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Fireworks on your 4th of July menu? Party hosts may be liable if a guest is injured

The Moss And Colella Law Firm > Press Releases > Fireworks on your 4th of July menu? Party hosts may be liable if a guest is injured

Media contact: Barbara Fornasiero, EAFocus Communications, 248.260.8466; barbara@eafocus.com

 

Southfield, Mich. —June 26, 2018— A. Vince Colella, a civil rights and personal injury attorney at Moss & Colella, P.C., gets at least a few queries around the 4th of July from prospective clients who have been injured by fireworks, often at the home of neighbors or friends.  Can they sue for damages? It depends, says Colella, who urges caution to party hosts who serve up fireworks as part of an Independence Day celebration.

 

“Homeowners may be found liable when a guest is injured from fireworks or other pyrotechnics set off as part of a summer gathering,” Colella said. “The case can depend not only on whether there was negligence of the part of the operator or host, but also on the behavior of the guest who was injured. Did they put themselves needlessly in harm’s way? Did they ignore warnings to stay a safe distance from the fireworks? These are the type of questions that determine the likelihood of paid damages,” Colella said.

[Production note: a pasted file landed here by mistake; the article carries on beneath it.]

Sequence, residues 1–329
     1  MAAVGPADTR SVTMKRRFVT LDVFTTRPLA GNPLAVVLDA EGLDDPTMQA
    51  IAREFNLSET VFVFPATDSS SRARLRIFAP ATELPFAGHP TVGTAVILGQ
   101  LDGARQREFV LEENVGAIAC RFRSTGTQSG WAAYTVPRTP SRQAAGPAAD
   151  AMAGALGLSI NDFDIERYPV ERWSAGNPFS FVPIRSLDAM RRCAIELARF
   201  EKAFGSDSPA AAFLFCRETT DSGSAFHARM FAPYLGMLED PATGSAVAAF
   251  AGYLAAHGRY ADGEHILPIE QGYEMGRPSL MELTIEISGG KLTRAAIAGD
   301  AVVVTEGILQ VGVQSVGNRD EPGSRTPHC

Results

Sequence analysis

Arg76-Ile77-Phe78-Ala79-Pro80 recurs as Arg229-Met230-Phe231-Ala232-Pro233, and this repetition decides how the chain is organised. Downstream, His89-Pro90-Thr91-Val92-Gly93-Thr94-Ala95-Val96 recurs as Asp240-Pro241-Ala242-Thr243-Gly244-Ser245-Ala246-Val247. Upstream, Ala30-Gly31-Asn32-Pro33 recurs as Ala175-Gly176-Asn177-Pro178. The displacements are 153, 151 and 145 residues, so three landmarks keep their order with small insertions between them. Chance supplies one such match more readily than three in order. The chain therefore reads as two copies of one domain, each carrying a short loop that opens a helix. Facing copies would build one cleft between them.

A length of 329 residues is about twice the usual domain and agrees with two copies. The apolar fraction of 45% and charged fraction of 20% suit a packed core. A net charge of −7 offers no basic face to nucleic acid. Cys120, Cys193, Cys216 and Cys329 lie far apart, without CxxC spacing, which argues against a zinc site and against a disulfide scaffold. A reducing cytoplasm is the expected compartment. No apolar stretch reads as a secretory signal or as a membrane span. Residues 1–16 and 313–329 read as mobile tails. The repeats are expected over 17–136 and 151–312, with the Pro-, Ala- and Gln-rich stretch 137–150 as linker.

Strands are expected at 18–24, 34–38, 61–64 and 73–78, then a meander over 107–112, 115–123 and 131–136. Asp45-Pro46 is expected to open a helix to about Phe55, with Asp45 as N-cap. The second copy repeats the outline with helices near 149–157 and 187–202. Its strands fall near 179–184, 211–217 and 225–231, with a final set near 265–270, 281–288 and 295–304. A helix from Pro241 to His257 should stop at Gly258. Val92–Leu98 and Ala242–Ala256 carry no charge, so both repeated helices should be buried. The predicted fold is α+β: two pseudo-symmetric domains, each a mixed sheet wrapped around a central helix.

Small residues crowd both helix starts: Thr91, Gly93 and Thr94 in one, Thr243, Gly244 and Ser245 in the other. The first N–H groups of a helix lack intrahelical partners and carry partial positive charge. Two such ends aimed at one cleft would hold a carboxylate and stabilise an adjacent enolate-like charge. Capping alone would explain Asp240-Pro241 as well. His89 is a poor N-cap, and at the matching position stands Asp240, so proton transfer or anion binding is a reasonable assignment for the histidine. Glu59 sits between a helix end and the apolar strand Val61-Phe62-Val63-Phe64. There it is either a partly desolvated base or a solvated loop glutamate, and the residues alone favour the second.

When there is a valid claim, it is generally paid through the homeowner’s insurance policy, but Colella cautions the process can be messy and costly for the party host if a lawsuit for damages ensues.

“It’s not necessarily an easy claim, because the use of ‘fireworks’ or ‘explosives’ could be excluded from coverage, thereby exposing the homeowner to personal liability for the injuries and damages caused by their use,” Colella said.  “Plus, policies may also have a large deductible that a homeowner is required to pay before the indemnification provisions are triggered.”

 

Colella adds that violation of the Michigan Fireworks Safety Act resulting in “serious impairment of a body function” of another person constitutes a five year/$5,000 felony.

 

“When you consider all the potential negative ramifications, the use of fireworks is best left to the professionals, and not individual party hosts,” Colella said.

 

About Moss & Colella

Established in 1997, Moss & Colella represents the victims of personal injury, civil rights violations, discrimination and wrongful death.   The firm is recognized as a leader in complex tort litigation, including excess and deadly force, jail death, sexual abuse and harassment, auto and truck accidents, and other serious injury and wrongful death claims.   To learn more about the firm and its diverse areas of practice, visit the Moss & Colella website.

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